Roque, an American derivative of croquet, is believed to only be played in a few small towns nationwide. A manicured, well-lit clay court sits in the middle of Angelica in Allegany County, just across from the home of Jim Gallman. On summer evenings, he can watch games unfold from his porch.

The National Roque Association last published its rules in the 1950s, so the game’s complicated rules and their local adaptations are best-known by the oldest generation of players. Although he did not compete in Angelica’s annual tournament in 2016, when fieldworker Hannah Davis documented the game, Gallman had a front-row seat as an unofficial official.

Gallman proudly claims to be the Angelica’s winningest player. His brothers are in close competition, and their adult sons – who compete despite having moved away – aren’t far behind. Like other regular players, some even make their own mallets, which are shorter than croquet mallets and difficult to buy from commercial sources.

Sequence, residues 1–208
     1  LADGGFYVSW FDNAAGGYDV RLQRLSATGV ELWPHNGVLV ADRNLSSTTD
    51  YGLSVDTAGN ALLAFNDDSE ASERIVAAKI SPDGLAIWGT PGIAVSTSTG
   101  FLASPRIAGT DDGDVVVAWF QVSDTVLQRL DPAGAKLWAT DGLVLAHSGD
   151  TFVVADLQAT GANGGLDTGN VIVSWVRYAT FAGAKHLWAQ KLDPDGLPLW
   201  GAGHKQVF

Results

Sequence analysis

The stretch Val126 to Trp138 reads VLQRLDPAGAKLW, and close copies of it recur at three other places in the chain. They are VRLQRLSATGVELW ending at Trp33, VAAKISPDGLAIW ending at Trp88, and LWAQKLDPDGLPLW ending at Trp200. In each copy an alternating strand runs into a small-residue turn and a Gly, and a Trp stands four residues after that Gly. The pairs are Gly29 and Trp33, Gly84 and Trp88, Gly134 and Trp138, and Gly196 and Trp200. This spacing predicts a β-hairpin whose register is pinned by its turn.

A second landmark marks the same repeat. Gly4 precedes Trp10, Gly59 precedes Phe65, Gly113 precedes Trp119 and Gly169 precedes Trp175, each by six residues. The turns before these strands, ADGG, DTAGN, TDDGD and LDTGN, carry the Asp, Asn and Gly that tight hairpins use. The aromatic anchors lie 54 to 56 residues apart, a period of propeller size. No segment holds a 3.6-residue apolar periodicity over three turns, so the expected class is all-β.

Gallman’s female family members are noticeably absent from the tournament. Roque has always been a gendered game here. Women may play casually with friends and family, Gallman explains, but they have never played as often as men. He suggests that less time spent on the court has resulted in a less competitive approach to the game. Anyone is welcome to watch, though. Visitors can see the tournament for themselves during the 50th Annual Angelica Heritage Days Festival on August 3 and 4. More information is available at